Throughout history, people have enjoyed the sour, tangy taste of fermented foods, attributing health and longevity to foods such as kefir, sauerkraut, and miso. Centuries later scientists began to identify beneficial bacteria in these foods as the main health-giving component. Certainly fermented foods should be a mainstay of our diets – in fact, our health is dramatically impacted depending on the balance of these good bacteria.
The Garden Within
The balance of organisms in our digestive tract has been likened to a garden. Like any garden, there are plants we cultivate, and weeds that we need to clear out. Within the digestive tract, we want to cultivate good bacteria. In fact, there are hundreds of types of bacteria in a healthy intestinal tract. Good bacteria, such as lactobacillus and bifidophilus, adhere to the walls of the intestines, where they perform a variety of nourishing and supportive functions. As with a garden, certain conditions promote healthy growth while others weaken plants and promote disease. Within the digestive tract, fermented foods promote and replenish a healthy bacterial environment, while a high sugar diet, antibiotics and excessive refined foods weaken the environment, promoting the overgrowth of harmful organisms and undermining our health.
Good Bacteria: Bugs You Can't Live Without
Beneficial bugs are microscopic, with millions of organisms easily found within a spoonful of miso soup. Despite their size, they perform very important functions.
B-vitamins are a by-product of beneficial bacteria, nourishing the brain, aiding in digestion of proteins, and helping cells to produce energy. These bacteria aid in the absorption of calcium and the digestion of lactose (milk sugar). They also produce amino acids and other nutrients.
Good bacteria help break down excess hormones from the body, reducing toxic estrogen by-products. Pesticides, as well as other toxins that we ingest, are neutralized. They also prevent the conversion of nitrates in food to cancer-causing nitrites.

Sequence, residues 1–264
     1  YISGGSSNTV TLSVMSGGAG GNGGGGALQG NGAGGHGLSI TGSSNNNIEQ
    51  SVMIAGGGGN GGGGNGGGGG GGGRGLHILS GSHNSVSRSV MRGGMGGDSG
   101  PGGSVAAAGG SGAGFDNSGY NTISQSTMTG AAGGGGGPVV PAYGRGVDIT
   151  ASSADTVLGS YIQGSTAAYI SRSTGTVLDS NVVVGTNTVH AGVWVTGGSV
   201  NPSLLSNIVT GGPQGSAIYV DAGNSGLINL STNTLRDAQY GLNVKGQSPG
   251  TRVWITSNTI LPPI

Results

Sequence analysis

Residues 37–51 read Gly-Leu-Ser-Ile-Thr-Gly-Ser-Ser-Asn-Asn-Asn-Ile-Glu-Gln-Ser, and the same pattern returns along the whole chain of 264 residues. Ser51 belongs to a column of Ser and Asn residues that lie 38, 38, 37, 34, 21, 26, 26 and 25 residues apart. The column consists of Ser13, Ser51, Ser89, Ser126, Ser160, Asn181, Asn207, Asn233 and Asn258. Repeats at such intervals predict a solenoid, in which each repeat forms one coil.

- Immune - enhancement
These helpful bugs produce natural antimicrobials–fighting infection. In addition, they create an acidic environment that is very inhospitable for the bad bugs. Intestinal bacteria are a key part of the immune system, producing immune factors that work together with other parts of the system to optimize health.
As you can see, adding probiotic-rich fermented foods will provide many health benefits. When we do not have sufficient good bacteria, the intestinal environment changes. It becomes easier for harmful organisms to adhere to the lining, where they multiply and crowd out the good bacteria. This state of imbalance is known as dysbiosis. As the “bad” organisms grow, they produce substances that interfere with normal digestion and absorption. This can result in fatigue, digestive intolerance, diarrhea, constipation, and food allergies. Numerous conditions such as skin and immune disorders have also been linked to dysbiosis. The good news is that this imbalance can be reversed!
Delicious Ways To Get Healthier
How can we include more of these beneficial probiotics in our diet? In the past fermented foods – including meats, grains, legumes and vegetables - were consumed daily. Generally these foods were homemade and of course, organic. Now, commercial processing techniques resulted in poor quality fermented foods which are not beneficial to health, such as sugary yogurts made with low levels beneficial bacteria. Fortunately, there are many healthful fermented products that busy people can easily include in their daily diet, such as kombucha tea (a fermented tea), kefir (fermented goat's milk), aged cheese, olives, pickled vegetables cured in brine (not vinegar), tempeh, or kimchi ( A Korean dish made with fermented cabbage). Remember to add fermented foods after using antibiotics to promote a healthy balance of organisms in your system. By incorporating these foods on a daily basis we can create a garden of health that will sustain us for a lifetime.